It was in insane plan. When we visited Arica’s tourism office on our first day, we noticed a flyer for an astronomy workshop going on just outside the city while we were here. Attached was a phone number to call for reservation. If we attended, it would mean a night of camping out in the Atacama, and it would overlap with a tour we were taking the day after. Scheduling it alone would be hard, let alone explaining that to both the workshop organizers and our tour agency in Spanish. But we called everyone and got it worked out: we would attend the workshop, camp out, and then get picked up on the side of the road the next morning. That’s how far our Spanish language skills have come.
Getting out to the workshop wasn’t easy. Although it was only about 10 miles from town and there were supposedly taxis that would drive us to the Lluta Valley, most said they couldn’t. One finally agreed to, although he technically wasn’t allowed to drive out there. If the cops caught him, he would get in trouble. The rate he quoted us was in line with what we’d heard at the tourism office, so we accepted anyway. It would turn out later that this was some weird false backstory, but nothing terrible happened to us and I have no idea why the guy made the story up. For those of you going out to Lluta in the future via taxi, any taxi can take you.
We arrived at the workshop site, a mini petting zoo and farm with plenty of space for tents and telescopes. We got registered with the workshop folks, generously let us pay a reduced rate since we’d missed all of the workshop seminars (they had happened earlier in the day). We pitched our tent among the more than thirty other tents. Although this is their first ever astronomy camp, it’s insanely popular. Kids of all ages are running around and playing, while teenagers are chatting in groups and adults are fiddling with telescopes and equipment. In all, it looks like more than sixty people signed up.
While we waited for night to arrive, we explored the petting zoo and talk with the other attendees. There were alpacas and llamas, which suddenly appeared in Peru and we have not been able to escape since (we’ve seen a live or artistic rendering of one in every country since Peru, including New Zealand, Indonesia, Vietnam?!, Japan, and Russia). We also befriended one kid who was obsessed with our tent, an ‘ultra-light’ two person Big Agnes from last year. It stood out from the other tents, which look like models from a decade ago. He followed us around, asking us questions about it, and then asked if we would “make a gift for him of the tent.” We laughed and told him we couldn’t, because we wouldn’t have anywhere to sleep. Still, it’s worth thinking about. Chile may have the highest GDP in all of South America, but the range of what’s buyable and available here in Arica isn’t the same as in the U.S. or Canada.
As the sun sinks lower, the workshop organizers brought out goggles covered in thick black film that let us look directly at the sun. We gazed at the tangerine-colored sphere that is our planet’s primary star. One of the organizers directed us to look at the upper left corner of the sun and a little black spot appeared in our vision. A sunspot! This is a region of cooler temperature on the sun, where the magnetic field has reduced convection and creates a little black freckle. I felt a bit of a karmic satisfaction that the sun gives everyone freckles, including itself.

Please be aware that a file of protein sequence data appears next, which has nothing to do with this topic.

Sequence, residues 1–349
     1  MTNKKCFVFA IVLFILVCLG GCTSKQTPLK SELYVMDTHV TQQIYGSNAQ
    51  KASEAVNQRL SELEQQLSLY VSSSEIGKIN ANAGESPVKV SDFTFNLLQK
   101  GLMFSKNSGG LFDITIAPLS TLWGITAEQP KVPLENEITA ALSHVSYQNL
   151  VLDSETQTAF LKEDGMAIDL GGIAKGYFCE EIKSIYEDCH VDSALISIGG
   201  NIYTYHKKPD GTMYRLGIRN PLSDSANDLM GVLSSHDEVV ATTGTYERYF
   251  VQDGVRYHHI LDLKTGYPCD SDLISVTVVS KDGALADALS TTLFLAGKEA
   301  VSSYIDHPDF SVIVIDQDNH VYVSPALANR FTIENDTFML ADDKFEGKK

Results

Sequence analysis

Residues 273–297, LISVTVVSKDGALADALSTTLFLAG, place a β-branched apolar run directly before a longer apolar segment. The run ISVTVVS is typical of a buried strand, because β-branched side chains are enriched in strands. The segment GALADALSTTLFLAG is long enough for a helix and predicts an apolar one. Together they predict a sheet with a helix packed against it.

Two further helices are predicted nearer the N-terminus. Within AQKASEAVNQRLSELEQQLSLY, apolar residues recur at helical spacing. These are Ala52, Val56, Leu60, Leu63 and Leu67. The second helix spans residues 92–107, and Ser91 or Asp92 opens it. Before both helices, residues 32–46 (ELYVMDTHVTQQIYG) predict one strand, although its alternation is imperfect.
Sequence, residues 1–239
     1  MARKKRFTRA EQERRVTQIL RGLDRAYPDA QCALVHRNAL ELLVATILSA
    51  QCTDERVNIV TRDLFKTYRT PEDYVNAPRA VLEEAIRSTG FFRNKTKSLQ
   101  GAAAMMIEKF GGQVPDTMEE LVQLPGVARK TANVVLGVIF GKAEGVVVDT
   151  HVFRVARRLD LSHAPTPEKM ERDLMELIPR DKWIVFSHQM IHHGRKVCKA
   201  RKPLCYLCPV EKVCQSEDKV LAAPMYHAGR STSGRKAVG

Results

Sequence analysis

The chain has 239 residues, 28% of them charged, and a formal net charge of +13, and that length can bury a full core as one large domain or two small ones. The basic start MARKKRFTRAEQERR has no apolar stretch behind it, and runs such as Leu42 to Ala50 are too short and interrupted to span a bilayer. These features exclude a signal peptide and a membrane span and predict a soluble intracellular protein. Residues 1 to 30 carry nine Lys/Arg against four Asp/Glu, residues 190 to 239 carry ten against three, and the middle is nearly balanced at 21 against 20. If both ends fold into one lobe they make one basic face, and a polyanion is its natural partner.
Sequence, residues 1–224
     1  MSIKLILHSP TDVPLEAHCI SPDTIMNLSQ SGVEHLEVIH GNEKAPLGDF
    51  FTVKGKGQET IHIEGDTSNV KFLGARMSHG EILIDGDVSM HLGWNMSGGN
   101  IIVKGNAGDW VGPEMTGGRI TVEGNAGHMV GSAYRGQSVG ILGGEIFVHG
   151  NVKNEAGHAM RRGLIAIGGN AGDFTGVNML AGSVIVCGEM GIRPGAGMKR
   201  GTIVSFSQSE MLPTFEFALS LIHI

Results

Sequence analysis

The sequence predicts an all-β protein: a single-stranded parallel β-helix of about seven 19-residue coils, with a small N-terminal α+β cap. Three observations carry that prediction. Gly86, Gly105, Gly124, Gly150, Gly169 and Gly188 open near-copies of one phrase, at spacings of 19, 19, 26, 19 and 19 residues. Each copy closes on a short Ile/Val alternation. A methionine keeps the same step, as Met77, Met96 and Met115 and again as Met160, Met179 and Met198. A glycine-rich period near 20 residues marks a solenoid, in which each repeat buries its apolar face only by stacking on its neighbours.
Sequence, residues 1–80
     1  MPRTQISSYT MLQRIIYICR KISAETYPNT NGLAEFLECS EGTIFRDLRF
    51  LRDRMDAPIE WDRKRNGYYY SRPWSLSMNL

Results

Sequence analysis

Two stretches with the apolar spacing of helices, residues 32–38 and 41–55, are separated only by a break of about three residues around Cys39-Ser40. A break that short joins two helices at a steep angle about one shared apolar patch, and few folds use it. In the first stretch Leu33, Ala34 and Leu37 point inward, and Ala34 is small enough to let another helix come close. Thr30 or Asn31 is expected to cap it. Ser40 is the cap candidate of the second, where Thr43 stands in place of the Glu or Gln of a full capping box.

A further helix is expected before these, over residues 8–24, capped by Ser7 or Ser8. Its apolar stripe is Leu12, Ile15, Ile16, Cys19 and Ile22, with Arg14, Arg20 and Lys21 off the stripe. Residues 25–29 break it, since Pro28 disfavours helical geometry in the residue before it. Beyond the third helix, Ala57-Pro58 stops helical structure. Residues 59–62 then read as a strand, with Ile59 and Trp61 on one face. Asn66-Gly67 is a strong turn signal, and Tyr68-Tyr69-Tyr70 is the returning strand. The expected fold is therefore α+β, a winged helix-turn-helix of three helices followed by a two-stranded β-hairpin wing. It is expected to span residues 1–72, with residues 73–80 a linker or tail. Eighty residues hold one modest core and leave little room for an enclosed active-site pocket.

The dusk after sunset stretched like shadows slow and long, and after a dinner meal I found myself sleepy. We retreated to the tent to nap for a few hours, and when we woke it was midnight and there was full darkness outside. Though the camp is mostly quiet, there are several groups of adults and teenagers huddled around telescopes, talking in whispers and adjusting the equipment. We joined one group around a massive, bucketlike telescope with a wide, shimmering lens on the end. They were hunting for the Pleiades, the cluster of seven stars that appear near Orion. While we waited, someone pointed out the Southern Cross. As inhabitants of the Northern Hemisphere, it’s one of those constellations that’s entirely foreign to us.
After seeing the Pleiades through the telescope, we wander to other telescopes pointed at different things. We saw several other stars, a nebula, and what may have been the Andromeda galaxy, our neighbor in the vast universe. We spent a lot of time mis-aligning and re-aligning the telescopes with the volunteers, hunting around the emptiness of space for a celestial body. Around 2 am, someone excitedly called us over to his telescope. As we gazed through the lens, a huge marble with a swirl of colors appeared before us: Jupiter.
We return to sleep around 3 am and we’re up again at 7, decamping so we can meet our tour along the side of the road. Everyone else is asleep, so we have no way to thank the fine folks who organized this event. But if you’re in Arica and looking to learn more Spanish and Astronomy, visit their website and see what events they have. Maybe you’ll get your own astronomy camp experience.